Scott Adams on Trump, and his book Loserthink - #47
Corey and Steve talk to Scott Adams, creator of Dilbert and author of Loserthink. Steve reviews some of Scott's predictions, including of Trump’s 2016 victory. Scott (who once semi-humorously described himself as “left of Bernie”) describes what he describes as Trump's unique "skill stack". Scott highlights Trump's grasp of the role of psychology in economics, and maintains that honesty requires admitting that we do not know whether many of Trump’s policies are good or bad. Scott explains why he thinks it is mistaken to assume leaders are irrational.
James Oakes on What’s Wrong with The 1619 Project - #46
Steve and Corey talk to James Oakes, Distinguished Professor of History and Graduate School Humanities Professor at the Graduate Center of the City University of New York, about "The 1619 Project" developed by The New York Times Magazine. The project argues that slavery was the defining event of US history. Jim argues that slavery was actually the least exceptional feature of the US and that what makes the US exceptional is that it is where abolition first begins. Steve wonders about the views of Thomas Jefferson who wrote that “all men are created equal” but still held slaves. Jim maintains many founders were hypocrites, but Jefferson believed what he wrote.
Robert Atkinson on US-China Competition and Industrial Policy - #45
Steve and Corey talk with Robert Atkinson, President of the Information Technology and Innovation Foundation about his philosophy of National Developmentalism. They discuss the history of industrial policy and mercantilism in the US and China. Why did the US lose 1/3 of its manufacturing jobs in the 2000s? How much was due to automation and how much to Chinese competition? Atkinson discusses US R&D and recommends policies that will help the US compete with China.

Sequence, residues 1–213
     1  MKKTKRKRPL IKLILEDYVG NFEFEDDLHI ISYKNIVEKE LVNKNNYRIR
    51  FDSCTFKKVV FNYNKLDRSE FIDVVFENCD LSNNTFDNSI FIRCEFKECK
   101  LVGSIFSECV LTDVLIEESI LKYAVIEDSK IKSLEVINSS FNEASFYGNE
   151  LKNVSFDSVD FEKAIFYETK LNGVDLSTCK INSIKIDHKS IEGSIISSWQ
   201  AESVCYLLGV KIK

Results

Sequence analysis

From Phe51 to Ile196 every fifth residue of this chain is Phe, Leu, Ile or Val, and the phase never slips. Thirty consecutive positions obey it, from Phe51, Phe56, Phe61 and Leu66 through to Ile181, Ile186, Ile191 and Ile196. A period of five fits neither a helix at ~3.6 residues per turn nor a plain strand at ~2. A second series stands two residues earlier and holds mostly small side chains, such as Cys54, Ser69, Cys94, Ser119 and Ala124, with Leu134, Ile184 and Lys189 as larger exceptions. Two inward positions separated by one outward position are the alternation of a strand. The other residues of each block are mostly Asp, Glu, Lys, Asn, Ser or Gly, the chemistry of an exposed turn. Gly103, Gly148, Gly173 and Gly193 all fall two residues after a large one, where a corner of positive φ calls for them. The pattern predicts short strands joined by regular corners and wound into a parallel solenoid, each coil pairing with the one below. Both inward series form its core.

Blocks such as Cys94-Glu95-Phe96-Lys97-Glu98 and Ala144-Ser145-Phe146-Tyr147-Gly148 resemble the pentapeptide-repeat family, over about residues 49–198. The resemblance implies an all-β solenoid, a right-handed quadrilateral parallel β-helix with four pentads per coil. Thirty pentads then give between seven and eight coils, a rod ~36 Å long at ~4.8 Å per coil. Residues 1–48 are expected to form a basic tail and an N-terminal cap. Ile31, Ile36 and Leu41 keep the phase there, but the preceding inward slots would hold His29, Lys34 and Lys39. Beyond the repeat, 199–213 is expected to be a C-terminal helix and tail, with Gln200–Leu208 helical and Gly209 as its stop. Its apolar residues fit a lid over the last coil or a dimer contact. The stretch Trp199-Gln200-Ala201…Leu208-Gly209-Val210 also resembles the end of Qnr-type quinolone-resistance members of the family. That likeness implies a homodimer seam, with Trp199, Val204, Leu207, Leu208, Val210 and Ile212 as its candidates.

Absolutely delightful podcast led by two bright and incisive minds.
Great Content, Poor Hosting
I would give this 5 stars if it weren’t for Corey constantly cutting off his guests in mid-sentence. My favorite podcast was the Psychometrics podcast, and it was almost unbearable to hear Corey constantly interrupt and prevent the guests he invited in the first place from finishing their sentences. I know one of them personally, and afterwards he told me he almost quit mid-interview he was so frustrated
Intelligent, practical, and well organized
Steve and Corey composed one of the most enlightening and intellectually satisfying podcasts I have come across.
- don’t engage in woo-woo
- call out dubious fact and erroneous reasoning
- pick diverse and interesting topics
- teach you something new
- show up well researched on the topic at hand
- pick intriguing guests
- pose great questions for the guest
- speak clearly and concisely (little to none verbosity)
If this podcast has a weakness, it’s that by the time they’re done you’re hungry for more.